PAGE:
The best tracks, though necessary to provide something like a comprehensive overview of this retrospectively named mini-genre, are also the ones ‘60s rock fanatics are most likely to already own. The Hollies’ cover of Peter, Paul & Mary’s “Very Last Day” gets close to classic folk-rock; Manfred Mann’s “If You Gotta Go, Go Now” was one of the earliest hit (at least in the UK) rock versions of a Dylan song; and Marianne Faithfull’s hit “Come and Stay with Me” was nearly genre-defining folk-pop. Donovan’s “Catch the Wind,” of course, was his first hit, though he would have been better represented by something electric from the Sunshine Superman album.
Also here are some major acts’ satisfying ventures into folk-rock-ish material, like the Pretty Things’ “London Town,” Peter & Gordon’s “Morning’s Calling,” the Kinks’ “Wait Till the Summer Comes Along,” and the Zombies’ gorgeous “Don’t Go Away,” though the latter track (like quite a few on this anthology) is more folky than folk-pop or folk-rock. There are also some fine folky efforts by some of the era’s better non-star UK groups, like the Poets’ “I Love Her Still,” the Sorrows’ “Don’t Sing No Sad Songs for Me,” and the Fenmen’s “Rejected.” The last of these, of course, features future Pretty Things Wally Waller and Jon Povey, even if it’s as indebted to West Coast harmony pop as folk-rock, whose influence is mostly heard in the chiming guitar hook.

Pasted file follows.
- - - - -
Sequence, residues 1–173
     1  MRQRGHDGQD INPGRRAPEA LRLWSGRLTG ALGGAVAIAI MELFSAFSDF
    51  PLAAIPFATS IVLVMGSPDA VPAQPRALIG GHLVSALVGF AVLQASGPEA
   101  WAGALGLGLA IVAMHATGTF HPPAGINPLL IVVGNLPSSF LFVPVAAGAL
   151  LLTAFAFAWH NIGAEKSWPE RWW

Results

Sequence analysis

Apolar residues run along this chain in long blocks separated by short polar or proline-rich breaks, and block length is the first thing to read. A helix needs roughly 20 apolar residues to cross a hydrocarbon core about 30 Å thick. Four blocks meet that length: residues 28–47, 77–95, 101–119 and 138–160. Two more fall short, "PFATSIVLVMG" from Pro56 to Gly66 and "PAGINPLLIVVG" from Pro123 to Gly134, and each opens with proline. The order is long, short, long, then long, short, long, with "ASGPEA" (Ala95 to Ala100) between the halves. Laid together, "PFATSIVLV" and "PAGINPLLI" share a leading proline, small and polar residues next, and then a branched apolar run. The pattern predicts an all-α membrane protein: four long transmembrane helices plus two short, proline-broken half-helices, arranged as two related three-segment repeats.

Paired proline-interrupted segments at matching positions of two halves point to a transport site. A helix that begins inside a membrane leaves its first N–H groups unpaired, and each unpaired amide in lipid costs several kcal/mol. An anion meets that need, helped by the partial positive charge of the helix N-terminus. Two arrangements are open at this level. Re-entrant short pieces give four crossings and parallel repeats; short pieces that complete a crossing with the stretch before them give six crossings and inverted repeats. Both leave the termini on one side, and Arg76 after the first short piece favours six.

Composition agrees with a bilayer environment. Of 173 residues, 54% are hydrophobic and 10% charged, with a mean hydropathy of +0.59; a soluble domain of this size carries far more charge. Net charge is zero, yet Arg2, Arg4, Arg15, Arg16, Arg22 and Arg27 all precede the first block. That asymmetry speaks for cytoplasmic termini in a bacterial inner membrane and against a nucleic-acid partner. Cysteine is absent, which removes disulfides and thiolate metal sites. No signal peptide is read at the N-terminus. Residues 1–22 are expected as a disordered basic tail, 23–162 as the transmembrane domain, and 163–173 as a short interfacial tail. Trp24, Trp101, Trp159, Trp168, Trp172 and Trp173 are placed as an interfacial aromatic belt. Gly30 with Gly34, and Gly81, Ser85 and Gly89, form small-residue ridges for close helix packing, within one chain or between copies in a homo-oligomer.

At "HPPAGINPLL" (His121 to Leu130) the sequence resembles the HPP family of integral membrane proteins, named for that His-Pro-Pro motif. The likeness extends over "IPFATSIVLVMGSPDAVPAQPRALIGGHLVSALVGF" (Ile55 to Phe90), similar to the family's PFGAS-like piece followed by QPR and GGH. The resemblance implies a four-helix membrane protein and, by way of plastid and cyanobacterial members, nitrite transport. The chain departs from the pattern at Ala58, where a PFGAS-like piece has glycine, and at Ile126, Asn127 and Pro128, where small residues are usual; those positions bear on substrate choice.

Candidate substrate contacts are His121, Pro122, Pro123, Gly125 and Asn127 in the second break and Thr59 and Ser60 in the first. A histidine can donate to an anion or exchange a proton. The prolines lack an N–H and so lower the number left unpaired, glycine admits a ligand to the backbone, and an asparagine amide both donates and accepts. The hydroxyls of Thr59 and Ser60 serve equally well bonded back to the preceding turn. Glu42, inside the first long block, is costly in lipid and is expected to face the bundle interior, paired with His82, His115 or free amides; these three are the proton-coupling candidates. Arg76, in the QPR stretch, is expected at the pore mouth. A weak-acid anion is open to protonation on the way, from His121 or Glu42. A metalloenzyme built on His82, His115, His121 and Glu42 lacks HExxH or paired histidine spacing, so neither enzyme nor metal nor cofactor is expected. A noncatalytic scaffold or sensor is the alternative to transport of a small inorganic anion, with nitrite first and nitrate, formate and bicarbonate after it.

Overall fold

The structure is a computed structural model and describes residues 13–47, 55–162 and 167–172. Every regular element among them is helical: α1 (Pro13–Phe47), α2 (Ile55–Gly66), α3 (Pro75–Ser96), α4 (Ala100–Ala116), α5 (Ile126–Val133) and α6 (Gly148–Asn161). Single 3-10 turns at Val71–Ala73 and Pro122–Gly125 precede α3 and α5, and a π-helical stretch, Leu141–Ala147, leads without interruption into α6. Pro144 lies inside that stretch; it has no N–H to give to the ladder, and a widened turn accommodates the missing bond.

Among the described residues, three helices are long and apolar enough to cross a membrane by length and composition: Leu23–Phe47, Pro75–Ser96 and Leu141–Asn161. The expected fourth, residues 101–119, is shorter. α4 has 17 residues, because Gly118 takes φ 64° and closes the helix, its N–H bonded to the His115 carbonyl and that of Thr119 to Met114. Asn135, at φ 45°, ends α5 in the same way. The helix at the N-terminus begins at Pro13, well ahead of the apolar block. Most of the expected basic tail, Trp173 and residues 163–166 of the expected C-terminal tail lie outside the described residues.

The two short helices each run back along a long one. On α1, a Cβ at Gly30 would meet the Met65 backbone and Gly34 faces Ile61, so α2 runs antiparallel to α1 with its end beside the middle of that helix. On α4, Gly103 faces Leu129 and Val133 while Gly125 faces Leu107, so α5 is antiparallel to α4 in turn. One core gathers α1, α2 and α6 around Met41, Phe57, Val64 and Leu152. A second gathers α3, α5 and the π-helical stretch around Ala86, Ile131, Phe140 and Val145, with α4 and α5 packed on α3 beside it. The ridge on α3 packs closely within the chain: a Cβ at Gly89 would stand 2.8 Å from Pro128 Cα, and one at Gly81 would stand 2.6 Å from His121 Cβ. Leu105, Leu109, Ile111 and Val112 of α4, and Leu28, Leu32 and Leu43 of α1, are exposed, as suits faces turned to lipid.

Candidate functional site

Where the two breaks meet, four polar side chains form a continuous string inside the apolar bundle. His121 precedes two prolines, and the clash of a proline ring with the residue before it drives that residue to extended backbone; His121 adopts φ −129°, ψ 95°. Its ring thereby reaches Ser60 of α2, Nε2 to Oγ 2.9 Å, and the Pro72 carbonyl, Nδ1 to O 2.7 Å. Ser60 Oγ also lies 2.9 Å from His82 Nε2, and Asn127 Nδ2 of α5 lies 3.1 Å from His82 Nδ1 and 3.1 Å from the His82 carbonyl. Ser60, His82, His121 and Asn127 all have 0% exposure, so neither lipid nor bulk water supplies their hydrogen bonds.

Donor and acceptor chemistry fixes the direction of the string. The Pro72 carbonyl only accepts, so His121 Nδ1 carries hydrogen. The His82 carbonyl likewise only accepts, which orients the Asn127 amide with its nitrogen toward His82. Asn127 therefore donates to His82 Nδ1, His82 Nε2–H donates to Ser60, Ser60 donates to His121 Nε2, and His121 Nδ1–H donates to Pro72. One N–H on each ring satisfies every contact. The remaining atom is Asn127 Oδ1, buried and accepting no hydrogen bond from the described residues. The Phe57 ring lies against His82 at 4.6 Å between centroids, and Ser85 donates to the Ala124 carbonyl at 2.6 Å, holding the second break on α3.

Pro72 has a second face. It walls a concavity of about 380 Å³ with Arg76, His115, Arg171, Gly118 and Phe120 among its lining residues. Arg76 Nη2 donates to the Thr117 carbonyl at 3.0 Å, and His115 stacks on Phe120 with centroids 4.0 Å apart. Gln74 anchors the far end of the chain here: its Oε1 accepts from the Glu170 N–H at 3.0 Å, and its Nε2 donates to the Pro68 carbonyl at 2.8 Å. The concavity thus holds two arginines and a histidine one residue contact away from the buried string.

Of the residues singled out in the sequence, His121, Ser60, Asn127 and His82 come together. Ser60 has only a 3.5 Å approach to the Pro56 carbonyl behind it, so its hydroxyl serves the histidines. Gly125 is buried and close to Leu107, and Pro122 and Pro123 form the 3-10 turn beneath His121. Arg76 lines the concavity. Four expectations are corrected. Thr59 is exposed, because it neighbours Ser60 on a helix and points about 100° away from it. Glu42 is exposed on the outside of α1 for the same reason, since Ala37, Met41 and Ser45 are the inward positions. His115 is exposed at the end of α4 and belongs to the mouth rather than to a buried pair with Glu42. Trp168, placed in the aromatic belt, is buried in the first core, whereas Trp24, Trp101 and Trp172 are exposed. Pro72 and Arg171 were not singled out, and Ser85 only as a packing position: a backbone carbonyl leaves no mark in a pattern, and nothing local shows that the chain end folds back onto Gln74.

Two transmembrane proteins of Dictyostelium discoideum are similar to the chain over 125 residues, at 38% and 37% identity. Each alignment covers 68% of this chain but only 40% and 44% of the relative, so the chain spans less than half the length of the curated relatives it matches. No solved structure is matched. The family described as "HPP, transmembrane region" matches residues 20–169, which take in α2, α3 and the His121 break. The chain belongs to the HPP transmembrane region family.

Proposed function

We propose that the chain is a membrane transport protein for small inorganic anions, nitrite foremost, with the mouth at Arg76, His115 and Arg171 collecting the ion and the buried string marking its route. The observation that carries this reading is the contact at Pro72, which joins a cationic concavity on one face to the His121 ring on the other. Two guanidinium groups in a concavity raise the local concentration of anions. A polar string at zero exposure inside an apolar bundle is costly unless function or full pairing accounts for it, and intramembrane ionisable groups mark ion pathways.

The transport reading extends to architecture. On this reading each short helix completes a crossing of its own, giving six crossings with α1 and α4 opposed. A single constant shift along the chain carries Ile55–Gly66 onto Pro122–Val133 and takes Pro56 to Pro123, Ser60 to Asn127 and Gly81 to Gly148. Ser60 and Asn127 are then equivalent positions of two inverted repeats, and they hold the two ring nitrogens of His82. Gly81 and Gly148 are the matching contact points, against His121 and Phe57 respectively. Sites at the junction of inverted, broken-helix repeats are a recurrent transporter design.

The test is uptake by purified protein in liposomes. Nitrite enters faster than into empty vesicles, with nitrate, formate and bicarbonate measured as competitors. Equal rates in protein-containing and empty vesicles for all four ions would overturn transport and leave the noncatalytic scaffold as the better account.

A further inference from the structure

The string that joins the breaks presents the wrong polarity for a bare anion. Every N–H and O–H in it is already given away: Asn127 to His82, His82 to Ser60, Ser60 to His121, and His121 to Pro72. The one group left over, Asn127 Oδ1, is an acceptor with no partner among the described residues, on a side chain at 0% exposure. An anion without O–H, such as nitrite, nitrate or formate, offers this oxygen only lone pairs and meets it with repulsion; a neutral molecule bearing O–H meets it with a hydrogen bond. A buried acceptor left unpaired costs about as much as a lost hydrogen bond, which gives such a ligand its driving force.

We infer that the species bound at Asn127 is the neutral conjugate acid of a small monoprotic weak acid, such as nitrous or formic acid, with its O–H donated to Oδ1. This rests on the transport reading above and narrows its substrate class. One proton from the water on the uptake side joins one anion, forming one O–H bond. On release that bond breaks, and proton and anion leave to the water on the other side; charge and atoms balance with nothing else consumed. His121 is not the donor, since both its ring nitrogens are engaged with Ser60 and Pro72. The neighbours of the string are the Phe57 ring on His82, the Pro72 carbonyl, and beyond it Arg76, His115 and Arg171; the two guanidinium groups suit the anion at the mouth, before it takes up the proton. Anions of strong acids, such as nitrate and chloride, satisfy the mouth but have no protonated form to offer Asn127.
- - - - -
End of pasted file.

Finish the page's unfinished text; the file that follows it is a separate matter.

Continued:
And there are some less essential actual hits that nonetheless need to be here to complete the picture, like the Silkie’s “You’ve Got to Hide Your Love Away,” the Seekers’ “The Carnival Is Over,” and Hedgehoppers Anonymous’ “It’s Good News Week.” A few artists who were more folkies than rockers did try to add touches of rock into their work, as you can hear on Davey Graham’s pretty good take on the Beatles’ “I’m Looking Through You,” and early work by Mick Softley, Meic Stevens, Jon-Mark, and Beverley (aka Beverley Martyn).